The Lower Merion School District, in Montgomery County, had a first reading of their transgender student policy on Monday. The Pittsburgh School District has recently announced its plans to introduce their policy next month. Several more districts will be introducing their own policies in the near future. Across 500 districts, many schools throughout Pennsylvania have in practice supported transgender students for years, but are now beginning to take the critical steps to enact official policies.

The Pennsylvania Youth Congress has been proudly working with a number of districts in support of these efforts for several years. These policies are critical in the work to ensure a safe and successful educational experience for transgender students. In turn, they help entire school communities be lifted up in celebrating all students, regardless of their gender identity or expression.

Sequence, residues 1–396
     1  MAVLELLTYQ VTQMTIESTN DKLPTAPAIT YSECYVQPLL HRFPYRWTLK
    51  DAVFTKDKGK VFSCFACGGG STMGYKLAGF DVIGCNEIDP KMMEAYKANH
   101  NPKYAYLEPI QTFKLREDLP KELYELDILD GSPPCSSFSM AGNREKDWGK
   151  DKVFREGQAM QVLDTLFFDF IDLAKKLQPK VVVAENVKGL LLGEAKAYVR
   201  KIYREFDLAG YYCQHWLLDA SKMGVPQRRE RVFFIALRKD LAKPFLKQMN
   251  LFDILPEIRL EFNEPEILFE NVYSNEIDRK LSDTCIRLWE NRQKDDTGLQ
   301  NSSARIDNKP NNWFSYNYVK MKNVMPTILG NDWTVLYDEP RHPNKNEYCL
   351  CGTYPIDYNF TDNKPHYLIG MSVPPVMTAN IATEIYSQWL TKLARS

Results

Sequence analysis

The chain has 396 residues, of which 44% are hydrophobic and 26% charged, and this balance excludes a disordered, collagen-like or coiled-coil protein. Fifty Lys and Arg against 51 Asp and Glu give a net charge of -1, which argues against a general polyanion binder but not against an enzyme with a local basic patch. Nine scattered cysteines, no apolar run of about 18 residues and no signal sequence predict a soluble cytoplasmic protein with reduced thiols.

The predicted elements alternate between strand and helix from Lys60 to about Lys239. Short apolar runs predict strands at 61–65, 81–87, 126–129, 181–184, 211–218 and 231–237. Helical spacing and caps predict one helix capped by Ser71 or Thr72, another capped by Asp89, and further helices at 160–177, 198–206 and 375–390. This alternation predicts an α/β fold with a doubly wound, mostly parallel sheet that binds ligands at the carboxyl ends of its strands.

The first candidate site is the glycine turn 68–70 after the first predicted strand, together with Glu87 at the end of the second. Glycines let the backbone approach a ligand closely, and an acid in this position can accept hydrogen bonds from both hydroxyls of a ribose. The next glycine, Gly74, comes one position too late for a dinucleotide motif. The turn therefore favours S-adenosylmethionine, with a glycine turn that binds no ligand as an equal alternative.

PineRichlandImageHowever, steps backward are being considered by a few school districts. On Monday evening, another three-hour school board meeting took place in the Pine-Richland School District in Allegheny County.  While transgender students have been supported by the administration in practice, a network of parents has come together to try and strip away the basic accommodations that have been made for them. An informational meeting on transgender youth will take place in Pine-Richland on Thursday. In addition to the Pennsylvania Youth Congress, THRIVE of Southwest PA and Lambda Legal have been standing with students and community members in Pine-Richland who support the rights and dignity of trans students.